The key to understanding Sartre’s conception of ‘responsibility’ is to grasp his idea of freedom. Sartre adheres to a radical freedom, perhaps one could say the radicality of a metaphysical freedom. Here, Sartre emphasizes his notion that ‘existence precedes essence’, in other words, he stresses the fact that “man exists, turns up, appears on the scene, and only afterwards, defines himself” (320). Thus, Sartre explains that because of this radical existential ‘freedom’ “existentialism’s first move is to make every man aware of what he is and to make the full responsibility of his existence rest on him” (320). For Sartre, because humanity arrives in an undefined purity of existence or Being
it is the utter and absolute responsibility of each human individual to define their existence. As such, Sartre underscores the radicalized autonomy
of the individual.
Similarly, de Beauvoir’s stance regarding ‘responsibility’ is also directly linked to her understanding of ‘freedom’. Here, she deviates slightly from Sartre in her description of what she calls ‘situated freedom’, that is, she recognizes that “our capacity for agency and meaning-making…is constrained, though never determined, by the conditions of our situation” (Bergoffen, sec. 2). This is not to say, however, that de Beauvoir denies Sartres claim to ‘radical’ freedom and responsibility, rather she extends them into the domain of the other, emphasizing a kind of autonomous interdependence. In other words, in her recognition of one’s full responsibility to their radically autonomous freedom she senses a deeper call and a deeper commitment, a calling committed to acknowledging one’s simultaneous responsibility to recognize the radical freedom of the other. Debra Bergoffen explains that “Though I can neither act for another nor directly influence their freedom, I must…accept responsibility for the fact that my actions produce the conditions within which the other acts” (sec. 4). In this regard, the ‘situation’ of our freedom/resonsibility is marked by the communal interconnectivity of individuals. De Beauvoir points out that “an individual is always situated within a community and as such, separate existents are necessarily bound to each other” (Mussett, sec. 2.b). Thus, de Beauvoir makes clear that our responsibility to express our individual freedom does not take place within a vacuum. “She argues,” instead, “that every enterprise is expressed in a world populated by and thus affecting other human beings” (Mussett, sec. 2.b). We are each other’s world. As such, for de Beauvoir, responsibility is hinged upon one’s ability “to treat the other…as a freedom so that his end may be freedom” (142). De Beauvoir writes, here, that “To will oneself free is also to will others free” (73). Thus, de Beauvoir concludes that “To will oneself moral and to will oneself free are one and the same decision” (24).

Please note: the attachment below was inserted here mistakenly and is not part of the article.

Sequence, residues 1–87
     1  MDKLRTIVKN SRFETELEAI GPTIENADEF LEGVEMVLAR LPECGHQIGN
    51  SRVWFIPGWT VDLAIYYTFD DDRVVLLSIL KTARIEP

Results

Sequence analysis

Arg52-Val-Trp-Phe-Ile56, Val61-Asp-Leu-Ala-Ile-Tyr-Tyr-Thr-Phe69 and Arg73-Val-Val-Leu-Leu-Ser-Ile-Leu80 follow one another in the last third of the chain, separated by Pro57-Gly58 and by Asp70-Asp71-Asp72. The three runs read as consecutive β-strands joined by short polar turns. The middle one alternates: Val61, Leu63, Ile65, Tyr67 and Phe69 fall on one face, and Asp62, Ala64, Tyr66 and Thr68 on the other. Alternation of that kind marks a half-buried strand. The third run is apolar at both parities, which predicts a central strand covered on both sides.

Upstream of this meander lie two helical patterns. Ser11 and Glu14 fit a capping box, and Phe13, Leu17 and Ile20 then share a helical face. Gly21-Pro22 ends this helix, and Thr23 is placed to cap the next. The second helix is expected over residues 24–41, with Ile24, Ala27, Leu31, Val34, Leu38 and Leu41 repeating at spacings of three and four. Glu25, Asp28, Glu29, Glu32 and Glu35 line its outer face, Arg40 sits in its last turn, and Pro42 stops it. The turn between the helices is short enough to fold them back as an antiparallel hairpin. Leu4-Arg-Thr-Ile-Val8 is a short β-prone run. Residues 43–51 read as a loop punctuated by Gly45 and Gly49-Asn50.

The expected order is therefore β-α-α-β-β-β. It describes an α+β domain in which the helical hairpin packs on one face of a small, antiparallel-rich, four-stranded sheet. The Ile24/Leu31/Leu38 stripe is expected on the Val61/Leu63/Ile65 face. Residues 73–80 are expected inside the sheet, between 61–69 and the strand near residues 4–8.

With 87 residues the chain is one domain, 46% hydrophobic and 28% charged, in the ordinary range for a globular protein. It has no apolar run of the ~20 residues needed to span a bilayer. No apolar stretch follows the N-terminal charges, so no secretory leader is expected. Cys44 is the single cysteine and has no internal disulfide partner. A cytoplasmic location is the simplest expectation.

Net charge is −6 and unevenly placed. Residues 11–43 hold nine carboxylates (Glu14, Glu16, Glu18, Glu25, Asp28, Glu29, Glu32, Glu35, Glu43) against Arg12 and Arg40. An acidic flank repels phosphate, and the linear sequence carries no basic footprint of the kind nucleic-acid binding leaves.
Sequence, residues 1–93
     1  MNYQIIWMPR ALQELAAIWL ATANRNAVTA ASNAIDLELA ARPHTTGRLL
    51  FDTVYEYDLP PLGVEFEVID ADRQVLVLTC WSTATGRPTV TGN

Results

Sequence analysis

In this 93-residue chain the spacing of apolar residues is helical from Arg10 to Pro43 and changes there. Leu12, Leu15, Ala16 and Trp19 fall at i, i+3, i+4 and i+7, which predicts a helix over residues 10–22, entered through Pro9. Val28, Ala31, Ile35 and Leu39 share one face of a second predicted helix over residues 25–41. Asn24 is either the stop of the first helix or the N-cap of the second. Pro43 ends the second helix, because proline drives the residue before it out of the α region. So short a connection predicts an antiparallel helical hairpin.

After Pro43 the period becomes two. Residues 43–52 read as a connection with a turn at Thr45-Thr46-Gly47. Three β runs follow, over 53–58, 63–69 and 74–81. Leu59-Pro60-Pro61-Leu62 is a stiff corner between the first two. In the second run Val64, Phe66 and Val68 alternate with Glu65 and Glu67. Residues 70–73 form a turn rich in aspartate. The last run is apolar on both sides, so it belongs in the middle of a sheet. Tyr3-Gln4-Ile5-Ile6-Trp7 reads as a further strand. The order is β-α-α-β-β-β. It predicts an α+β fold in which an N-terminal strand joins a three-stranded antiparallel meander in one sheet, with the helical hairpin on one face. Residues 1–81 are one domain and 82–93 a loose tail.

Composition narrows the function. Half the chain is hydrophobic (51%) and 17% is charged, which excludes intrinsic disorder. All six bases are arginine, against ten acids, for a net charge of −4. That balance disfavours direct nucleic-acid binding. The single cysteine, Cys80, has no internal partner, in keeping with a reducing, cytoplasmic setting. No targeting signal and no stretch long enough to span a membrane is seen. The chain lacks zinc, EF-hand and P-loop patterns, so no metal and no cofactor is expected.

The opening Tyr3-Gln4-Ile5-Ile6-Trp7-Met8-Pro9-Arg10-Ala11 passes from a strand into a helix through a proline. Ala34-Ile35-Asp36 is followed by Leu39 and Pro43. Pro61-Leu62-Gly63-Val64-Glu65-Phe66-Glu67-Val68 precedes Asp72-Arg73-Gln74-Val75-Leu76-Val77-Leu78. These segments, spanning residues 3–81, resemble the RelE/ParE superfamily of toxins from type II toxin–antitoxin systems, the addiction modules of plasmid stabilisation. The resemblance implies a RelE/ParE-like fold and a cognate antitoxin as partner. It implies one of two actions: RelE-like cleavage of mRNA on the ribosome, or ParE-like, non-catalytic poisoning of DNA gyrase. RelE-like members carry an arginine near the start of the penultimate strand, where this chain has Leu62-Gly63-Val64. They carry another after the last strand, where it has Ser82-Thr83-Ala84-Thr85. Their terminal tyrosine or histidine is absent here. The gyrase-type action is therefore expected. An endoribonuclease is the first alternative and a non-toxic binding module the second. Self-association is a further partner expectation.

Bergoffen, Debra. “Simone de Beauvoir.” The Stanford Encyclopedia of Philosophy. Ed. Edward N. Zalta. Stanford University, 2010. Web. 13 Feb. 2014.
De Beauvoir, Simone. The Ethics of Ambiguity. New York: Kensington Publishing Corp, 2000. Print.
Mussett, Shannon. “Simone de Beauvoir.” The Internet Encyclopedia of Philosophy. IEP, n.d. Web. 13 Feb. 2014.
Sartre, Jean-Paul. From Existentialism is a Humanism. In Ethics: Classical Texts in Feminist and Multicultural Perspectives. Ed. James P. Sterba. New York: Oxford University Press, 2000. 319-325. Print.